About 10 were waiting, and as another 10 arrived, our guide Roberto gathered us together and we started off. To the upper walkway, down onto the fighting fields, into the animal cages and the stables. One has no idea of the size of this structure without standing and walking around in it. Roberto made the tour very interesting, engaging with a pair of centurion actors when we chanced upon them. I had a great time and feel it as certainly worthwhile.

Leaving about 12:30, I headed to Cattedrale di Santi Sergio e Bacco degli Ucraini. The Ukrainian Greek Catholic Cathedral of Saints Sergius and Bacchus became a cathedral in 2019, and was 6 blocks away in the district of Monti along a one-way street going the other direction, so I walked. Barely a half kilometer, I was there in 10 minutes, passing a Maronite convent/college. (I’d visited the Maronite co-cathedrals in St Louis in fall 2019 and Mexico City in 2017, and Brooklyn in 2016.)

Squeezed in between two residential buildings, the four-story structure is small, but dates its association with Ukrainian Catholics (Byzantine rite) to 1641. Perhaps a dozen rows of seats/pews, an abbreviated altar sits in front of wrought iron iconostasis which displays icons, including the Evangelists. It is a lovely little church, now a cathedral. The central icon is known as the Madonna del Pascolo, as it had descended while shepherds were pasturing their flocks.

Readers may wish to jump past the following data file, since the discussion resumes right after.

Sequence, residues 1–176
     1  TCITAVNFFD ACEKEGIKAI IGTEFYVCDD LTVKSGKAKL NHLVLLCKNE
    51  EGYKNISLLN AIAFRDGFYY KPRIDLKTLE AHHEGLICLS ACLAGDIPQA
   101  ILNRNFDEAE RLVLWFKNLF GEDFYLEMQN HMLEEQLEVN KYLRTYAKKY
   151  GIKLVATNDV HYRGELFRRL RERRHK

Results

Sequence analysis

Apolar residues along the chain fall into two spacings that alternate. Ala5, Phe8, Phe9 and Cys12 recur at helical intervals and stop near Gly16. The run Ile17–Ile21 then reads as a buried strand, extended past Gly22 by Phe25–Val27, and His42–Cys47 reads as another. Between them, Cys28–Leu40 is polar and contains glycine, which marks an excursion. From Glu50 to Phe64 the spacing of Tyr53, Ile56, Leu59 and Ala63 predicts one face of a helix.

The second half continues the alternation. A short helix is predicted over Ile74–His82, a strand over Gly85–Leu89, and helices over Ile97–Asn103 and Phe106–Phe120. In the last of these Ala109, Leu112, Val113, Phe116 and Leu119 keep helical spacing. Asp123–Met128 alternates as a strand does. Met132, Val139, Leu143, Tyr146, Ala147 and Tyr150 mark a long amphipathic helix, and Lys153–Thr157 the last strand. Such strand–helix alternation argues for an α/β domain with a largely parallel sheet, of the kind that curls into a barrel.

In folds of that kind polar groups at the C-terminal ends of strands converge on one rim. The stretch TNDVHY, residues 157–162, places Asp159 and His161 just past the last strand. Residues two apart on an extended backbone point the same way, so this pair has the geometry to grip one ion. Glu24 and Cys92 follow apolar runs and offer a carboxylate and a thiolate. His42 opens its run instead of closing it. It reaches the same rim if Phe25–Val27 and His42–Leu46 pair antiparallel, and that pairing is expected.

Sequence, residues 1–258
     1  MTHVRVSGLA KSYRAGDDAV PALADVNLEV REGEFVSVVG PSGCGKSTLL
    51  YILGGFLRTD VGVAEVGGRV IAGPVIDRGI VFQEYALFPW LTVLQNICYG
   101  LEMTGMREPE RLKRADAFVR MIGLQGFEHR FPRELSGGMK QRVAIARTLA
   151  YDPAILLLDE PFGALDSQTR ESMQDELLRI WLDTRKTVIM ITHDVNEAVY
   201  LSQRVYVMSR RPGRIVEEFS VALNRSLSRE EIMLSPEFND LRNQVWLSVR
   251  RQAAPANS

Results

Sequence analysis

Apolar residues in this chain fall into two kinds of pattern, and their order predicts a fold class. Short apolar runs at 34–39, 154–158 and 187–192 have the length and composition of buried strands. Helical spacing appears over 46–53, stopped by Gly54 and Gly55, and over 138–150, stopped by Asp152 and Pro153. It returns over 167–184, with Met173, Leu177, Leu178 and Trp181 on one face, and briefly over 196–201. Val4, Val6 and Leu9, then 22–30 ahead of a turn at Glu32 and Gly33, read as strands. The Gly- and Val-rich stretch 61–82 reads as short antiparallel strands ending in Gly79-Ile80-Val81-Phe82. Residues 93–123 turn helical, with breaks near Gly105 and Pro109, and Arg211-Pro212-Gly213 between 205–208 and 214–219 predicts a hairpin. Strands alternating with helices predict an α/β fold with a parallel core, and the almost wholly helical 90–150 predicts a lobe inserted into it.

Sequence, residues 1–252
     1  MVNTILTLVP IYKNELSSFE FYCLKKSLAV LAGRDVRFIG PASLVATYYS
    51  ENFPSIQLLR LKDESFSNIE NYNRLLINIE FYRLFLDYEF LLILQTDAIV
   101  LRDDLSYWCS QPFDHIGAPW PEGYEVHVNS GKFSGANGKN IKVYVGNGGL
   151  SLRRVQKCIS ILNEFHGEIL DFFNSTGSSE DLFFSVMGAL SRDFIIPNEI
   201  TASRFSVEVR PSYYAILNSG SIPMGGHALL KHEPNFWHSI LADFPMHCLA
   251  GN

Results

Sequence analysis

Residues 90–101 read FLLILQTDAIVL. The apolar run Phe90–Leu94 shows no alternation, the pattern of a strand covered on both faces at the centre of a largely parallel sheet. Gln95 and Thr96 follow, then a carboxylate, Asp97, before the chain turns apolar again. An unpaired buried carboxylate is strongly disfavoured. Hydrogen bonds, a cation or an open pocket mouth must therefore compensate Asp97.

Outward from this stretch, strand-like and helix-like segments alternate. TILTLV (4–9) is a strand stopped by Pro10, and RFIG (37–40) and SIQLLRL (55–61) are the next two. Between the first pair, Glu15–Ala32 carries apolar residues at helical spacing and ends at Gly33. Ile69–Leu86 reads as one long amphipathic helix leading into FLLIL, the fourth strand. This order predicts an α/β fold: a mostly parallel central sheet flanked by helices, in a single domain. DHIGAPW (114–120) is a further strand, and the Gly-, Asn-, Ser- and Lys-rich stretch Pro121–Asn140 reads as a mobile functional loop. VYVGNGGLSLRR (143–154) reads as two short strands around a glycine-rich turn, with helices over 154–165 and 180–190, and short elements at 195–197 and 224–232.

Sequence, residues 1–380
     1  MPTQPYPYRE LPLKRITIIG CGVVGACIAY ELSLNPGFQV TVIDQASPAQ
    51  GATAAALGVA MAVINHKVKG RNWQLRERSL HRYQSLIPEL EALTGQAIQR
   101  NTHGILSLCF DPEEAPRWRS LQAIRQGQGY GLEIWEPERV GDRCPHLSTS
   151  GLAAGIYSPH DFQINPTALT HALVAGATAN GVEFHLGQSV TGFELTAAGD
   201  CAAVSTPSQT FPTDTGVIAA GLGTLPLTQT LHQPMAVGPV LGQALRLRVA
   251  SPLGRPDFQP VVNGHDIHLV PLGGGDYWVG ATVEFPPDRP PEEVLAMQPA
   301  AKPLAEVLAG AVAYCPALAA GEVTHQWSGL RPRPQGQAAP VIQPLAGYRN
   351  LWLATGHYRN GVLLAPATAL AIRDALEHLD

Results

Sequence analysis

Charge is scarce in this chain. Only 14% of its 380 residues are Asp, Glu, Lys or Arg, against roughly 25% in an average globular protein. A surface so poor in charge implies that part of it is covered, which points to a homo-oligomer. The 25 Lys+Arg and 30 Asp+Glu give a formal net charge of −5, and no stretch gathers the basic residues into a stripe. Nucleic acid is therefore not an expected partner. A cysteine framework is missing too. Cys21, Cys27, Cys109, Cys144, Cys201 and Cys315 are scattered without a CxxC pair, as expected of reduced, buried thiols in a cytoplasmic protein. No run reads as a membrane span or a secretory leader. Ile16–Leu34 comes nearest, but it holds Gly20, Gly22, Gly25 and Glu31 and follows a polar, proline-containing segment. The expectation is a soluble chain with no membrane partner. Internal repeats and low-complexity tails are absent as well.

Another half kilometer away was my next cathedral. The Chiesa Principale dell'Ordinariato Militare - Santa Caterina da Siena a Magnanapoli is the Military Ordinariate for the Italian Armed Forces.

It is located on the slopes of the Quirnal Hill, with the Torre delle Milizie behind it. (As a reminder, the #MilitaryOrdinariate is the Catholic structure for priest assigned to military duty to keep them out of the regular military command.) The entry is up a mirrored flight of stairs (the street level had been lowered) to the now sole central door. Three chapels along both sides of the nave continue the baroque splendor of the nave. This is another beautiful baroque-style church, with some intriguing art.